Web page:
Things to see and do in Rio de Janeiro, Brazil: Travel tips and guide


The caipirinha, made from cachaça (a rum-adjacent spirit made from sugarcane juice), lime and sugar is utterly ubiquitous in Rio. This applies whether supping it in fancy cocktail bars or shambolic but charming huts at the edge of the beach. Where it gets interesting are the zillion-and-one fruity (but ferociously potent) variations on the theme. Try the fresh lychee version.


Copacabana or Ipanema? It's the eternal big fight in Rio, but if you have to pick one, then Copacabana nudges it on people-watching and energy. It's likely to be crowded, but that crowd includes dozens of people playing beach volleyball, a wide array of posers, kids kicking footballs and hustlers selling drinks. Ipanema is arguably the better beach, and is a little more stylish and chilled.


Leblon and Ipanema merge into each other to a certain degree, but Leblon is where the well-heeled and fashionable will go for dinner. Several bars and restaurants cluster around Rua Dias Ferreira. Zuka's a good encapsulation of the vibe, majoring on grilled meats, but with considerable tarting up including ghee and goat's cheese with tenderloin steaks. See


The Sheraton Grand Rio Hotel is where a lot of visiting dignitaries get put up, and it's the closest you'll get to a proper resort in the city. A high rise in its own secluded bay next to Leblon Beach, the pool is humungous and there are several eating and drinking options. It also has a small beach essentially to itself. See


Connecting the two hip inner city areas of Lapa and Santa Teresa, the Escadaria Selarón was the brainchild of Chilean artist Jorge Selarón. He started covering the steep steps up the hill with colourful mosaic tiling, and since his death in 2013, several other artists have taken up the reins adding more to an ever-expanding art installation.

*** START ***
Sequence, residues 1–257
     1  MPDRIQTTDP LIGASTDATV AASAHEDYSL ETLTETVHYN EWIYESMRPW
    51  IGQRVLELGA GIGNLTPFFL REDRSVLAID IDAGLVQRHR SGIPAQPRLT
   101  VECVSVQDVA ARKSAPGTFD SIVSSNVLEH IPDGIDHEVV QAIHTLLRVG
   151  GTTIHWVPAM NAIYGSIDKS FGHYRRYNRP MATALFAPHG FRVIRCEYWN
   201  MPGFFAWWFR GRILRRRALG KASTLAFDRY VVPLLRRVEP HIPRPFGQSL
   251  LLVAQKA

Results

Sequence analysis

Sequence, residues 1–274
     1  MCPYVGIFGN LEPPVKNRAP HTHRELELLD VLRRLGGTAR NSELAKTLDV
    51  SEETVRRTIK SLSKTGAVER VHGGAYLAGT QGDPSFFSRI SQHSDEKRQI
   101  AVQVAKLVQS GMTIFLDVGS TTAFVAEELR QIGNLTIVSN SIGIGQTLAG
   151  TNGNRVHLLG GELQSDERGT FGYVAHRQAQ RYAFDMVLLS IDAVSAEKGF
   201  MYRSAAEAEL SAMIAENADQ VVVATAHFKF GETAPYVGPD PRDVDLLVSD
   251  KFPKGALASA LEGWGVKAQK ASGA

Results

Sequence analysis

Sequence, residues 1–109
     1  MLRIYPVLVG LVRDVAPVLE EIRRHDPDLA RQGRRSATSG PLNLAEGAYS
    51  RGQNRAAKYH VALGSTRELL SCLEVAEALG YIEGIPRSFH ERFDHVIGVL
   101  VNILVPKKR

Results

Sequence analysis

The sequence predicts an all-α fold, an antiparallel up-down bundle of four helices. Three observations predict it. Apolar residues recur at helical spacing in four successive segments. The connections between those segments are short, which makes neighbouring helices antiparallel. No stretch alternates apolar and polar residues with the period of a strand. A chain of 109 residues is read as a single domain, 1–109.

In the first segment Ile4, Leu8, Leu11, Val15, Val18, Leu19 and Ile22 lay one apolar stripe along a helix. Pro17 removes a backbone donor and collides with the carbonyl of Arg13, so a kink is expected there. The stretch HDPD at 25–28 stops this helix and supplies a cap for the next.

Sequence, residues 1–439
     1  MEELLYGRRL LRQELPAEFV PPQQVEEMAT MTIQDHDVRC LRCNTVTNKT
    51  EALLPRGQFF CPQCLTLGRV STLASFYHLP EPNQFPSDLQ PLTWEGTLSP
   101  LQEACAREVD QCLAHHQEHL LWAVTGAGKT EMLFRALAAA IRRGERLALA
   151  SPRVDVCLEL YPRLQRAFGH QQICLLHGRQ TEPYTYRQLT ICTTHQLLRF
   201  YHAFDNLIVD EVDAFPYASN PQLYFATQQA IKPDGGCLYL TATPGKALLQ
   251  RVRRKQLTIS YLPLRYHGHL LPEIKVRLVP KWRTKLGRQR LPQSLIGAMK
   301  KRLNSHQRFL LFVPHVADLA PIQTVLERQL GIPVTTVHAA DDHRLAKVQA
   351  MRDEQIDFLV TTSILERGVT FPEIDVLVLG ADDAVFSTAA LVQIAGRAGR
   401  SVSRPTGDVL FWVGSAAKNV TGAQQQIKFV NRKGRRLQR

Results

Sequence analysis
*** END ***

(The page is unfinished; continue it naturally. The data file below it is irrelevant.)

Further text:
Sugarloaf Mountain, jutting out into the Atlantic Ocean, is an icon for good reason. It's best visited in the early evening when a magically photogenic light bathes the city. Getting there is part of the fun, too, with a series of cable cars running in stages from the southern suburb of Urca. The stations have cafés and walking trails nearby to make breaking the journey worth it. See


The other big symbol of Rio is the 38-metre high statue of Christ The Redeemer, his arms spread in welcome, on top of the Corcovado hill. It seems higher than it is because Corcovado rises up sharply from the city. Visible from all over Rio, the statue is best reached via the cog railway that takes the steep chug up to 710 metres above sea level. See


The gargantuan Maracanã stadium was inaugurated for the 1950 World Cup – and it broke the record for an attendance at a football match that still stands today. Capacity is now down below 80,000, but it is still one of the world's great stadiums and home to several Rio teams in the world's greatest footballing nation. Tours are available for those who can't snaffle match tickets. See


The mountainous outcrops are a big part of what makes Rio so stunning, but another major factor is that it is a city essentially built into the gaps of a rainforest. Often quoted as the world's largest urban forest the National Tijuca Park offers 39,000 hectares for strolling through in the heart of the urban area. Rio Adventures runs tours – look out for birdlife and Capuchin monkeys. See



English-speakers are surprisingly thin on the ground for such an international city. The same applies to Spanish-speakers, should you be relying on some basic Spanish picked up in other South American countries. Be prepared for some muddling through in restaurants and taxis.


The writer travelled at his own expense.